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Training and development during your career as a social worker

Training and development during your career as a social worker

Continuing professional development is essential in social work. Find out what's expected of you after qualification in England, Scotland, Wales and Northern Ireland.

Getting your degree is just the start of your career as a social worker. You've proved you've got what it takes so far, but training doesn't end there. You’ll need to keep on learning and ensure you're up to date with the latest legislation, research and practice. This takes place via continuing professional development (CPD). There are different frameworks for CPD across the UK, with different arrangements in place in England, Scotland, Wales and Northern Ireland.

CPD for social workers in England

As a newly qualified social worker in England, your first year will be your assessed and supported year of employment (ASYE). You’ll get extra support from your manager in this time, and this will be based around the knowledge and skills required for your area of social work, which you’ll cover in your studies. Your employer will be funded to support you, so you won’t have to pay for any CPD in this time.

You’ll need to be registered with Social Work England to practise as a social worker. It’s essential that you keep a record of your CPD. Without this, you run the risk of losing your registration as a social worker. This would mean you wouldn’t be able to work.

Professional development for social workers at all levels is based on the Professional Capabilities Framework (PCF). This sets out the skills and knowledge you’re expected to have at different points in your career, from student level to management. You can use it to plan your CPD and map out your career path.

CPD doesn’t have to be a course. The PCF is designed to allow people to learn in different ways, including on the job and through reflection. However you decide to work on your CPD, you should work with your manager to map it against the PCF and what’s expected of you.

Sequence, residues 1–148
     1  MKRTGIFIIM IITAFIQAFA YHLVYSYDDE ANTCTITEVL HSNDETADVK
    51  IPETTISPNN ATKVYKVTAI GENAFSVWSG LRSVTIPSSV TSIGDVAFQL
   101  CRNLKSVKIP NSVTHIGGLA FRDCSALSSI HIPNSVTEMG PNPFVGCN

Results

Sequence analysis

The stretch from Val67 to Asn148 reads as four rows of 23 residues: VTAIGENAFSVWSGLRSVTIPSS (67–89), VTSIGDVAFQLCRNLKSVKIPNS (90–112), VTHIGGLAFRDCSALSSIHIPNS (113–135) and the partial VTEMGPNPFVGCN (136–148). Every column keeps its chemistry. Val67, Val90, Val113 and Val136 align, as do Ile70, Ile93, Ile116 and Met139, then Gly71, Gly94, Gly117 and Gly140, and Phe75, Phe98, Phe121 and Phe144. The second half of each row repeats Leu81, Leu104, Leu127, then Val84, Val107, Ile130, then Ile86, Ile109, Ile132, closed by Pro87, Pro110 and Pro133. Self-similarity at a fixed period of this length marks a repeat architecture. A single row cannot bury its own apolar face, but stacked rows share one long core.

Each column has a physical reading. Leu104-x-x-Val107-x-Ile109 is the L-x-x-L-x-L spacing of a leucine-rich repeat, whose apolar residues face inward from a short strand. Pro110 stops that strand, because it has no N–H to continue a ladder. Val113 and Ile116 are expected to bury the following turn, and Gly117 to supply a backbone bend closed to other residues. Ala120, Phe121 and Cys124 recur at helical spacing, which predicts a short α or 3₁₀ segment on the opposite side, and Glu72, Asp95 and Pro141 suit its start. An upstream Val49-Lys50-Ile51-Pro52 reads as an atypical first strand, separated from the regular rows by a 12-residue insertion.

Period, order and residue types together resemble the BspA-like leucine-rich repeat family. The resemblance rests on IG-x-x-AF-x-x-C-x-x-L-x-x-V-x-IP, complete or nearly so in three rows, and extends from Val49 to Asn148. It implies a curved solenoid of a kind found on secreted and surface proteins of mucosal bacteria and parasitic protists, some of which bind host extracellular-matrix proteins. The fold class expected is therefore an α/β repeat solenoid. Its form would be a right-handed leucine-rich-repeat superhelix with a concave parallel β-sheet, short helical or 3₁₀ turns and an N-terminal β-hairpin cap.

Social work training and development in Scotland

Social workers in Scotland are regulated by the Scottish Social Services Council (SSSC) which registers you for five years at a time. As a newly qualified social worker in Scotland, you need to complete 24 days of post-registration training and learning (PRTL), which should be based on the continuous learning framework (CLF) and the expectations set out in the SSSC Codes of Practice.

You can choose how you learn – you don’t have to spend all this time on courses. For example, you could learn a new skill on the job, carry out reading in a professional area of interest or attend a webinar. The SSSC website has more information about what qualifies. Work with your manager to design a learning plan that supports your interests and that meets the expectations required of you.

Training required for qualified social workers in Wales

In Wales, social workers are registered and regulated by Social Care Wales. For your first three years as a newly qualified social worker in Wales, you’re expected to follow the consolidation plan for social workers, which is the first part of Continuing Professional Education and Learning (CPEL) continues beyond this, and ‘toolkits’ for each type of social work, which give guidance for planning your professional development, are available on the Social Care Wales website.

Maintaining your social work registration in Northern Ireland

In Northern Ireland, social workers must register with the Northern Ireland Social Care Council (NISCC). As a newly qualified social worker, you’ll start your career with your assessed year in employment (AYE), and must also do 90 hours of training and learning within your initial registration period.

Registration with the NISCC lasts for three or five years, and social workers must do 90 hours of CPD within each registration period. You’re responsible for your CPD throughout your career and you can choose how you learn during your CPD: learning can include seminars, training, reading, courses, teaching, research as well as other activities.

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